It wasn't. The dish was a train wreck. The too-creamy sauce may have graced the noodles at one point; but, after that (probably under a heat lamp somewhere in the kitchen) it had slipped down to the bottom of the bowl, leaving the overcooked spaghetti noodles languishing in a little dried out heap beneath equally dry chicken cutlets and a few stray shrimp.
The ravioli di portobello ($13.49) was similarly disappointing. From the vibrant orange smoked cheese and sun-dried tomato sauce – which had clearly broken from being held at too high a temperature – to the pasty filling, which evidenced only tiny frizzled bits of mushroom, it was a dish that would be better (and more frugally) created at home with a jar of sauce and frozen ravioli.
It's worth mentioning that all of the pasta we ordered – from the angel hair to the spaghetti to the rigatoni – missed the al dente mark entirely, a fact that should inspire weeping among Italian nonnas everywhere.
That said, if you don't mind your pasta served up "scotta," you'd be a good candidate for the Neverending overcooked pasta bowl ($9.99), an offering which innately penalizes you for showing restraint. The offering includes your choice of pasta topped with carbonara (er, alfredo sauce), meat sauce, asiago garlic alfredo or classic or five cheese marinara. Add-ons are also available (including grilled chicken, Italian sausage, meatballs, or fried chicken or shrimp), but will set you back by $3-4.
The pasta ain't pretty; in fact, there are no pains taken to make it so (barring a sprinkling of parsley). But, it will fill you up in a hurry.
Like the entrees, desserts at the OG come in large portions fit for sharing. But, in the end, it's just another example of why bigger isn't necessarily better.
The sizable slice of pumpkin cheesecake ($8.29) was heavy and dense with the slightly fake spice-infused flavor reminiscent of a Starbucks gingerbread latte. A fair bet, if you like pumpkin and you prefer your cheesecake hefty and sweet. But, by my gauge it was a bit too heavy and rich after a dinner of fat-laden pasta.
Similarly, the house tiramisu holds the potential of fulfilling your craving for something creamy and sweet (emphasis on sweet); but, it's unlikely to compete with the impossibly light espresso-kissed versions you might find in Italy. In fact, I sensed none of the pleasant tang of mascarpone in the filling, nor the pleasant acidity imparted by espresso. In the end, it amounted to little more than a rich pudding layered with soggy, ultra-sweet sponge cake ($7.29).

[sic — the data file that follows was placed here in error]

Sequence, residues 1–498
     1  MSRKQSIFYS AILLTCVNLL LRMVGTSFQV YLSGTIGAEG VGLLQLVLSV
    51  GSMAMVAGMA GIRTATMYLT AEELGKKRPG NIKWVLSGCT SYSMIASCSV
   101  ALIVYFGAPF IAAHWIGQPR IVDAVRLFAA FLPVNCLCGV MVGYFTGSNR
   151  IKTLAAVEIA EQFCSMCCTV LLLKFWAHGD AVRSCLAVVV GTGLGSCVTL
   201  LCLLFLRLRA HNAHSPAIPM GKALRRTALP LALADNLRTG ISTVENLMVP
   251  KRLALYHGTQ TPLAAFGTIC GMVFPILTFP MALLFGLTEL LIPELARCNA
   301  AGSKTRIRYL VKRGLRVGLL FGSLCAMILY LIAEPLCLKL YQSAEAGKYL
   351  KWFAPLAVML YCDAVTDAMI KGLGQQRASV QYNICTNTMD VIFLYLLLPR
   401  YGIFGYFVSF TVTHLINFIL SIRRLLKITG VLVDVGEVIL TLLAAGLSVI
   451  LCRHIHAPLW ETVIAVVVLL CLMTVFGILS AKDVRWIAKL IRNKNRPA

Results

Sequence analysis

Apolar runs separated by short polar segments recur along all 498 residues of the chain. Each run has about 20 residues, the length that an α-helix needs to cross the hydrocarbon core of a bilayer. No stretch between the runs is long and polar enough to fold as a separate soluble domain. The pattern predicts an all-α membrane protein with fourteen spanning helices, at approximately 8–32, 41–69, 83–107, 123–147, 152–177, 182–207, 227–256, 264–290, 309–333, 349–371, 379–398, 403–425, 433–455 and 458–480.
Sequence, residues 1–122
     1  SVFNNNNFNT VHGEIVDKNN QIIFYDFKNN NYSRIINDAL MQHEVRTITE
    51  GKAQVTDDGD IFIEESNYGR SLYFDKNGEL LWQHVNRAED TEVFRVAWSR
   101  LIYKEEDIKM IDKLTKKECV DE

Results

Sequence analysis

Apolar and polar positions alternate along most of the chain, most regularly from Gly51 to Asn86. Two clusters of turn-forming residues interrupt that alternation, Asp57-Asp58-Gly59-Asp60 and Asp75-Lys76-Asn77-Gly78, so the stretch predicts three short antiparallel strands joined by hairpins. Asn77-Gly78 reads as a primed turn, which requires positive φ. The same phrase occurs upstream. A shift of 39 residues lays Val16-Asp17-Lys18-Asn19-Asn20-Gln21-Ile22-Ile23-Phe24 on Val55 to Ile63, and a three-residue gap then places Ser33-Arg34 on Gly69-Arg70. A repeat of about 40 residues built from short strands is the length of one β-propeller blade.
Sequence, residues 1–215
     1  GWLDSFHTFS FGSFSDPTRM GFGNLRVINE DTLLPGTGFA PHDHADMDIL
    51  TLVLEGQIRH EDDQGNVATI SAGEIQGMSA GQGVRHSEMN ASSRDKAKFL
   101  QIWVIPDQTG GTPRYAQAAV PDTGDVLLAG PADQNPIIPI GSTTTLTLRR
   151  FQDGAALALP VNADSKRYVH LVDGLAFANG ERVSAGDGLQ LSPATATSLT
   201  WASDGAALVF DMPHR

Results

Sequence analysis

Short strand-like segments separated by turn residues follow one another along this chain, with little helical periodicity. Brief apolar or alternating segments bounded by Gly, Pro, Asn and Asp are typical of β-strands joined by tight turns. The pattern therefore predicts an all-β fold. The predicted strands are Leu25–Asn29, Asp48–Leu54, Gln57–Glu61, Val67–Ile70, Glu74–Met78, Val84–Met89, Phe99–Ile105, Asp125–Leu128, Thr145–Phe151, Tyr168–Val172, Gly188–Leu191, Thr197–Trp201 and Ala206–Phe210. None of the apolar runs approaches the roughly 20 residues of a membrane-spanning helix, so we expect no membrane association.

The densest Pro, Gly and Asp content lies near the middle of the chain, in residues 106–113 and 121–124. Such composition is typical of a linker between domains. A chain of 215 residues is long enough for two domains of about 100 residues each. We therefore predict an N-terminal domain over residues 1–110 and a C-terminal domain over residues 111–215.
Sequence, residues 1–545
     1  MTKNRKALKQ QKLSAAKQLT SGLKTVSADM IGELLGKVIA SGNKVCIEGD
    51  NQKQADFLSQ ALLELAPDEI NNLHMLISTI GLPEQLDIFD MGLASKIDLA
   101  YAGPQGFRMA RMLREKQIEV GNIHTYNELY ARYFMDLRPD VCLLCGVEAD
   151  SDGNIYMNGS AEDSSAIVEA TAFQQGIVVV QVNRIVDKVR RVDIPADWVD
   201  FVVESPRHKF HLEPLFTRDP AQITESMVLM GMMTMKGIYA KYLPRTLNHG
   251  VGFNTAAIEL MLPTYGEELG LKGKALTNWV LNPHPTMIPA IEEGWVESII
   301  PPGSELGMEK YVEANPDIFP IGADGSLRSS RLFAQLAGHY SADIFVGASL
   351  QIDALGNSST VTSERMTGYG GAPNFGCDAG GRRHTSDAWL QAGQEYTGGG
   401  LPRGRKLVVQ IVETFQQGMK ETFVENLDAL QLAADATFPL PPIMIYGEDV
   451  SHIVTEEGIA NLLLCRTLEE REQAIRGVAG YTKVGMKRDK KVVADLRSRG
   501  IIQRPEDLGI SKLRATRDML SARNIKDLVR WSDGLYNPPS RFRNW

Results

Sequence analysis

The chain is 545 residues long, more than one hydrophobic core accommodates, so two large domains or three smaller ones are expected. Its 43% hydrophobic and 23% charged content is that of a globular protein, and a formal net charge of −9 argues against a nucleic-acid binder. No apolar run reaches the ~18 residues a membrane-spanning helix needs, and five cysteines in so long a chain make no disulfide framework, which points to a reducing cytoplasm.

I was almost grateful for the (too) bitter cup of espresso I'd ordered ($3), as it did help cut through the sweetness of dessert. But, it did not assuage the nagging feeling in my gut that told me I should've just gone across the street to Kopp's for a scoop of custard instead.
A bright spot of our visit was the service, which was on par with the restaurant's theme of "Hospitaliano!" (a word emblazened on buttons worn by wait staff). Water glasses were refilled with stealth, and our server was attentive and friendly, even offering informed recommendations on entrees when we asked.
Interestingly, if you're in a hurry or weren't blessed with particularly attentive waitstaff, OG has also made it possible to get what you want exactly when you want it. Standing tablets on each table are equipped with call buttons, allowing you to summon your server on demand. If you're dining solo (or with kids), you can also use it to play a variety of games for a small fee (unlimited play for $1.99).
If you desire, the kiosk also makes it possible to order all of your food and pay your bill without conversing with your server. We used it to both order our dessert and pay our bill, and I had to admit it was quite convenient. However, much like the self-checkout lines at the grocery store, the lack of human interaction also removes the potential for some of the pleasantries of a great dining experience.
Sometimes nostalgia is just ... nostalgia. My Olive Garden meal, which had started off promising, swiftly degraded into an experience my inner food snob could not overlook. By the end of the evening, my mouth was coated with residual fats from the rich pasta dishes, my head was throbbing (presumably from our questionable choice of wine) and my teeth had developed little fuzzy sugar coats thanks to the heavy, sweet desserts.
By the time I got into the car, I was already craving a gallon of water from ingesting what could have easily been a week's worth of sodium in one sitting. And in the days that followed my visit, I had little desire to even touch the leftover pasta gracing the shelves of my refrigerator, even when I finally became hungry again.